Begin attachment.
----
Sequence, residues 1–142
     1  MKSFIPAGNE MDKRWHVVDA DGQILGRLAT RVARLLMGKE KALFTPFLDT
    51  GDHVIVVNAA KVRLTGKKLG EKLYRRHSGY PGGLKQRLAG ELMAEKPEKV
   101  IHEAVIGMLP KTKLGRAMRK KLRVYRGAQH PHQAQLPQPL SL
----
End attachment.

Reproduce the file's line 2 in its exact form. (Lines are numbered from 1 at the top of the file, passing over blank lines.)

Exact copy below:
     1  MKSFIPAGNE MDKRWHVVDA DGQILGRLAT RVARLLMGKE KALFTPFLDT